I’m often surprised by what I learn when I interview students. Watch this 46-second video clip of Jonah solving 100 ÷ 3. Then read how I used the clip in a lesson with a class of fifth graders, and also read the letters the students wrote to Jonah.
Have you ever asked students to solve 12.6 x 10, and they respond that the answer is 12.60? I have, many times. Students who do this apply a pattern that works when they multiply whole numbers by 10—they tack on a zero to the end of the number they’re multiplying. But then they apply the same pattern when working with decimals. What can we do?
Over a year ago, I blogged about The 1–10 Card Investigation. I didn't provide a solution to the problem and no one who commented asked for one. But a newly posted comment requested the solution. That pushed me into a conversation with myself about how I should respond, and about giving answers in general.
Here's one of my favorite oldies. (No, not the photo—the border problem.) I was so pleased to see this math investigation included in Jo Boaler’s latest paper. This blog post presents a detailed lesson plan for using the border problem with students and also includes a five-minute video clip to give you a sense of how the instruction went with one class.
Place value is one of the most important foundational concepts about our number system. Watch my assessment interviews of second graders and learn how you can find out what your students understand about place value.
I’ve taught students in grade 2 through middle school how to solve KenKen puzzles. If you’ve never solved KenKen puzzles yourself, or haven't engaged your students with them, read about how I’ve introduced them in the classroom. But be warned: KenKen puzzles can be addictive.
I began a back-to-school session for elementary teachers by asking everyone to write an opening sentence for Goldilocks and the Three Bears. The teachers were surprised by the request—the session was supposed to focus on teaching math. What was the connection?
The 1-10 Card Investigation has a big payoff with students. It engages their interest, involves them with making sense of a problem and persevering to solve it, and gives them experience with evaluating their progress and changing course as necessary. Plus it has a playful aspect that too often is lost in math class.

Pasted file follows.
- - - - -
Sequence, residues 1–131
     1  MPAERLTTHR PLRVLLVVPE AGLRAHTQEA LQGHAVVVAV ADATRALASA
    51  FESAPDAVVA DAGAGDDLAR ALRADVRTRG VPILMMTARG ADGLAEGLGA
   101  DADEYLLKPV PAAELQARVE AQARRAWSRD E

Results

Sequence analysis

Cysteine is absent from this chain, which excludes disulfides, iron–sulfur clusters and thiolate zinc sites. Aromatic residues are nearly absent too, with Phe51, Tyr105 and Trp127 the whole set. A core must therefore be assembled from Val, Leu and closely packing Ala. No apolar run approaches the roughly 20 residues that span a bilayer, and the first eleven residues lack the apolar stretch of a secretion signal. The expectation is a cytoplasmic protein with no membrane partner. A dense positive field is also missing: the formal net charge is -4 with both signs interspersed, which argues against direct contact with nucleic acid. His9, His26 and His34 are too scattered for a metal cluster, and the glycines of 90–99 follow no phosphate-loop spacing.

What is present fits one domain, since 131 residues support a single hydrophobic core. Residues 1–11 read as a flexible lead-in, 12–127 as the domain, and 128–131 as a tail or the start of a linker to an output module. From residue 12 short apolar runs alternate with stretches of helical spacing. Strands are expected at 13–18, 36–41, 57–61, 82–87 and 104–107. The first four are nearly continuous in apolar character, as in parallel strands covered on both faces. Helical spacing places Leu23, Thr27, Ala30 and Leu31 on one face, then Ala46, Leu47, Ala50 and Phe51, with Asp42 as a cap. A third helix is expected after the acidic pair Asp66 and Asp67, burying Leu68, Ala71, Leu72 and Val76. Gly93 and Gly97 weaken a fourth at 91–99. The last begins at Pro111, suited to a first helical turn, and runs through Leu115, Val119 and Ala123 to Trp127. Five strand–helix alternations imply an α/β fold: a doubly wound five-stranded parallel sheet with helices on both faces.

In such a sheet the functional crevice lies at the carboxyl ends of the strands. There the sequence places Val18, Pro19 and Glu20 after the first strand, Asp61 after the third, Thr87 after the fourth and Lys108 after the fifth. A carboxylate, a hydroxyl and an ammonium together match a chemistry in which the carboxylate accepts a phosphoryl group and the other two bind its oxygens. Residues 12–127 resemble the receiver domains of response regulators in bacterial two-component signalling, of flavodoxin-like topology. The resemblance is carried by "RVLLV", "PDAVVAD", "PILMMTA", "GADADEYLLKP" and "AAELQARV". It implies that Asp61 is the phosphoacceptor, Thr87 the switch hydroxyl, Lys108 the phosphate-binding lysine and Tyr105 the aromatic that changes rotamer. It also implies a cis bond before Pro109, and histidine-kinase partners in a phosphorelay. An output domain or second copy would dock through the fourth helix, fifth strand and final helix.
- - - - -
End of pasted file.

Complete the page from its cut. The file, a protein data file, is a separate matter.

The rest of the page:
I asked a class of fourth graders to figure out the answer to 99 + 17 in their heads. In this post, I describe why I chose that problem, include a video of how the lesson unfolded, describe a teaching error I made in a subsequent lesson, and more.
A long-standing instructional practice has been to teach students how to multiply (or add, subtract, or divide) and then, after the students have learned to compute, give them word problems to solve. In this post I present a lesson with a different approach, where word problems become the lead and reason for learning to compute.
After I told Steven, the man seated next to me on an airplane, that I was a math teacher, he described the Dealing in Horses problem that he was given at a corporate management training session. The problem has been one of my teaching staples ever since.
When a workshop participant raised his hand to offer how he was taught to subtract when he was in elementary school, I was surprised by the process he described. He called it the “trouble-coming method” of subtraction. I hadn’t ever seen it before, and I’ve never seen it since.
Here’s another post about subtraction. I’ve long been a fan of having students invent and use their own methods for computing, as long as they can explain why their strategies make sense. Here’s what I learned from Jesús, a fifth grader.
Word problems have long been difficult and frustrating for students to solve and for teachers to teach. A colleague recently forwarded an email from a woman looking for resources to help her fourth-grade granddaughter with word problems. I thought for several days about how to offer positive support to both the grandmother and her granddaughter.
How much is 12.6 × 10? This is a question from the Math Reasoning Inventory (MRI) decimal assessment. What do you think were the most common incorrect answers given by the more than 7,800 students who figured out the answer in their heads? And what about the boy who answered, “One hundred twenty and thirty-fifths?”